Missing signs of expansions at many genetic loci would be correlated with assimilation at those loci from non-African archaic populations. Such assimilation would obviously also be compatible with evidence of great time depth in present-day non-Africans and of ancient and uniquely non-African polymorphisms (Harding et al., 1997, Harding et al., 2000, Zhao et al., 2000, Yu et al., 2001 and Yu et al., 2002). It would also explain why significant geographical structuring (presumably ancient, and with partly archaic roots) is often seen at such loci, but not in others like mtDNA. The theory thus suggests that present day modern humans are not exclusively derived from early modern Africans, but have a significant genetic inheritance from non-African archaics as well.

In this paper, we explore this proposed scenario through simulations of a modified version of the numerical model of Eswaran (2002). We use the model to compute population statistics of the emergent modern populations for two cases simulating (a) the spread of modern humans from a regional source across a one-dimensional world through the replacement of archaic types, and (b) the analogous spread of a modern human type defined by an advantageous combination of some C unlinked genes. We show that while the replacement case reproduces some of the gross features of the genetic data, the model replicates its subtler details only in the assimilation case—thereby arguing that significant assimilation from non-African archaics accompanied the modern human transition. Our model is the simplest implementation of the idea of a coadapted gene complex, a phenotype, and the consequences for the neutral genome of a selective phenotype sweep.

...

Discussion
How pervasive was assimilation?

The question immediately arises as to how widespread was archaic assimilation in the human genome. Even a rough estimate suggests that assimilation was surprisingly high—surprising because the debate until now has been whether there was any assimilation at all. The simulations conducted here have shown that significant TD-values are strongly correlated with low assimilation, and conversely, that loci with high assimilation usually yield non-significant (but often negative) TD-values.

The Tajima D statistic is ideally suited for detecting assimilation from archaic populations. Given the long history of humans living outside of Africa, there would have been significant geographical structure (which increases TD) in the global human population at the time of the wave initiation, ca. 100,000 years ago. Thus, any assimilation from non-African archaic humans would inevitably increase TD, reducing the possibility of a significant signal of expansion. Therefore, TD is less likely to show expansions than other statistics if assimilation occurs. [See Yu et al. (2002) for a possible case in point.]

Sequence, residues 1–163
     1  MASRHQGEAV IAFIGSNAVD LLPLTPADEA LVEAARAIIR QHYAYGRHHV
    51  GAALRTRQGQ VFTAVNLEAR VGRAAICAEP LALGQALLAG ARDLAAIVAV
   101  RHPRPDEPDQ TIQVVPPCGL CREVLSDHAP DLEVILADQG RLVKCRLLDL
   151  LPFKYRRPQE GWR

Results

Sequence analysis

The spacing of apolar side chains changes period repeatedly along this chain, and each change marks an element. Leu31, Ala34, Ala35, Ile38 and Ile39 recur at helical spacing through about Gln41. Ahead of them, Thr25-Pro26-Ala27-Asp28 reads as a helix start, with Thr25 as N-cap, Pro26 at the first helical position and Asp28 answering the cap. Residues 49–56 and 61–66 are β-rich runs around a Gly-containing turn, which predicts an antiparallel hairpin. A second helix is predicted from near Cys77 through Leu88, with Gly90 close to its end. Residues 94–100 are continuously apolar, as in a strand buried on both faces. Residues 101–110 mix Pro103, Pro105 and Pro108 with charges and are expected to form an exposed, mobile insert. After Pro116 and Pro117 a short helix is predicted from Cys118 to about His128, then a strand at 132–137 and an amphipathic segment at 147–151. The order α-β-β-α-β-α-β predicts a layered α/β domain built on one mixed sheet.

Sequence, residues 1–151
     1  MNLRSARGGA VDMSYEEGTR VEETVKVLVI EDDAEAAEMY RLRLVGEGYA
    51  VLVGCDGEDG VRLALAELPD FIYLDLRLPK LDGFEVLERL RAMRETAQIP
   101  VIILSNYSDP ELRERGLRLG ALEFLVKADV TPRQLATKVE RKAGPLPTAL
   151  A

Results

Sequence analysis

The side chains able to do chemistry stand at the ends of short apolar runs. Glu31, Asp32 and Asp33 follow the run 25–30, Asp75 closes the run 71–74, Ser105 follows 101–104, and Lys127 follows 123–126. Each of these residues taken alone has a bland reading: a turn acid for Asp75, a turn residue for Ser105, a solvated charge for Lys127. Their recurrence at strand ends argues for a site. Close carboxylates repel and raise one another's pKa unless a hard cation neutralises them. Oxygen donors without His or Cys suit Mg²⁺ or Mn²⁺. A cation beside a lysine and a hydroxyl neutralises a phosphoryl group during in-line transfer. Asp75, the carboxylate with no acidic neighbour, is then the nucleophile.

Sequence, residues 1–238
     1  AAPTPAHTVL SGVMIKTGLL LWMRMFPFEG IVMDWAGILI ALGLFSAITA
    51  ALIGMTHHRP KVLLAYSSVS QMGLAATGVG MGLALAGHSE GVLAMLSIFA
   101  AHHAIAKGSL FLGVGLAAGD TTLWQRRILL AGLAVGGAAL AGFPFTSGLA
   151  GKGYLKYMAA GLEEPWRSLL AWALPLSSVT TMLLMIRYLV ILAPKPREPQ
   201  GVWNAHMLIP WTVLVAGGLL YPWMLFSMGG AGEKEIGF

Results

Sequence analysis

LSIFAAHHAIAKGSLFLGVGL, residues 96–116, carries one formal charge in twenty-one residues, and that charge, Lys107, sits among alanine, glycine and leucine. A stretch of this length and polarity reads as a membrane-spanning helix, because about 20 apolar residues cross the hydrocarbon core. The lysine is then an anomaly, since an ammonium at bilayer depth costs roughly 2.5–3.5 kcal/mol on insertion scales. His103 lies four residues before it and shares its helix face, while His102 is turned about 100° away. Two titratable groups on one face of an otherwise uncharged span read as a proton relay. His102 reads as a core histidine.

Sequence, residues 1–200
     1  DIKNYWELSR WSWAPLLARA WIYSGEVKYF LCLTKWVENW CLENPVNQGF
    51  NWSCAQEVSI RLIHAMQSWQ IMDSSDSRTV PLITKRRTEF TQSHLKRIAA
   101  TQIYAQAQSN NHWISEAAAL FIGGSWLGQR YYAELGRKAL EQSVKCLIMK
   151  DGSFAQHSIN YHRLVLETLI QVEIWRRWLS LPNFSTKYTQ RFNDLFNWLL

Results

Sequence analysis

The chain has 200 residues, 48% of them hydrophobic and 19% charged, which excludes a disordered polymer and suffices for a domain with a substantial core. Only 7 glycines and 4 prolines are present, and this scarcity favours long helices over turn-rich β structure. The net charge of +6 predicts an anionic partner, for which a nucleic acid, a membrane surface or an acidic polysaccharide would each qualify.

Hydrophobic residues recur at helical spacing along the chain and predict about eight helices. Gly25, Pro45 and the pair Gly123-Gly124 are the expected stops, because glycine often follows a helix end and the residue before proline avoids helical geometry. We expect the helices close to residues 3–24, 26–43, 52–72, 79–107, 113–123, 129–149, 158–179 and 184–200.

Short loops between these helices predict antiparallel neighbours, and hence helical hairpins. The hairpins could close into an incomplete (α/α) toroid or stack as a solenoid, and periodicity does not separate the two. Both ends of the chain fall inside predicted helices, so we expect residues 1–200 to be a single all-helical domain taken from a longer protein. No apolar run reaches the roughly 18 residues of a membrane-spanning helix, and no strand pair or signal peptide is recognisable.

We can make a stronger assertion based on a comparison of nuclear loci with mtDNA. The deep differences between Neandertal and modern mtDNA, and the extremely low variability and geographical structure in modern mtDNA leaves little doubt that archaic mtDNA was largely, if not completely, replaced. The empirical TD for mtDNA in non-African populations is −2.28 (Ingman et al., 2000). While such a low TD-value is not obtained in the simulations of 10,000 individuals that we described above, it is well within the range of TD-values obtained for simulated world populations of 30,000 or 50,000.

Recovery from the wavefront bottlenecks in these larger simulated populations leads to stronger signals of expansions, i.e., more negative values of TD, even while the effective populations indicated by the mean pairwise differences remain below 10,000 at the simulated present day (as the pairwise differences have not fully recovered their equilibrium values after the wave). These latter simulations are, we believe, closer to the putative modern human diffusion wave, as they deliver highly negative TD-values in the range empirically seen in mtDNA. However, the TD-values for the replacement cases in these larger simulated populations nearly always fall within the 90% significance range (TD ≤ −1.5). This suggests that any loci with empirical TD-values that are less than 90% significant are likely to have been affected by assimilation. For example, the “geography-based” sample of 437 loci presented by Ptak and Prezeworski (2002) shows fewer than 25% of the values are below −1.55, implying, by the above argument, that around 75% of the loci had significant assimilation. These are astoundingly high figures.

Other data, too, suggest pervasive assimilation. Scans of 624 STR loci by Storz et al. (2004) revealed that 13 of these had significantly reduced variability by their very strict criterion, which the authors attributed to selection, but which we think signals “replacement” loci. Even among the 13 loci, reduced variation occurred either in Europe or Asia, but rarely in both—which seems peculiar if selection were involved, but is entirely likely if random fixation of certain alleles carried by the wavefront independently occurred in the separate Asian and European waves. Only one of the 13 apparent sweeps was seen in Africa, where the diffusion wave model predicts some sub-Saharan populations would not have been subjected to the wave. Therefore, we believe the STR pattern better fits the diffusion wave hypothesis than the selectionist one. By looser criteria, approximately 25% of their loci showed this pattern of reduced variability outside of Africa—in either Europe or Asia, but not both. While Storz et al. (2004) proposed that the patterns are due to selection, it is important to note that they studied STRs with no known functional significance.